The academic journal is obsolete

The academic journal is obsolete and we don’t need to build its replacement. We have it already. We just need to recognize its value and to start recognizing its output. We simply don’t need journals and presses anymore. We have better right now. The traditional journal system restricts both the diversity of inputs and the…

Canada 150 or Canada 15 000?

This week, I gave a talk at the Bodo Archaeological Society on the earliest human occupations in the Americas. As I was driving across Alberta, working on my talk, seeing all those stunning landscapes, thinking about how they had evolved since the Last Glacial Maximum, and imagining how people had lived in them and adapted…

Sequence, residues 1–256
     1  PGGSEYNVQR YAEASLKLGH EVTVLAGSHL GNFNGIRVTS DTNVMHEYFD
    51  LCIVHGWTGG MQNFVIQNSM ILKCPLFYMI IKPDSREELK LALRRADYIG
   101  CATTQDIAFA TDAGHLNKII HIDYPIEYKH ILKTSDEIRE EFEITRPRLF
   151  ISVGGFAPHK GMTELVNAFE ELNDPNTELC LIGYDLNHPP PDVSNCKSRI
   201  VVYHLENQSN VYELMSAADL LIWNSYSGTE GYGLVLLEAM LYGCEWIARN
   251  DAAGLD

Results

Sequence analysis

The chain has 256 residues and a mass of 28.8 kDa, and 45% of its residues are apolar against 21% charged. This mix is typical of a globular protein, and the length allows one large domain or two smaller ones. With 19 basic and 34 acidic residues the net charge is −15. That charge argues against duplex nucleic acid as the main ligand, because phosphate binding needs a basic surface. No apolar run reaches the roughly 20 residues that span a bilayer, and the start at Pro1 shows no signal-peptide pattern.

What kind of culture do you want?

In a senior administration meeting, a colleague recently asked: “What kind of culture do we want in the institution?” That got me thinking about the fairly substantial intersection between my academic work and my administrative duties. The short answer to my colleague’s question is that we don’t get the culture we want. We get the…

Two rejections of Human exceptionalism

There is a very powerful human exceptionalist current in western thought, especially in, but not limited to the humanities and social sciences. Human exceptionalism is the belief that humans are fundamentally and qualitatively different from the rest of nature. One of its corollaries is that the theories and tools we use to study nature can’t…

Who and what is open archaeological data for?

Discussing the disincentives to and constraints on sharing data in archaeology, Lorna Richardson asks “Do you think there's an issue w not knowing who to aim open data at? Planning for niche, specialist use or other?”. In short, yes, I believe there is. Perhaps when faced with the prospect of preparing and organizing our data, we…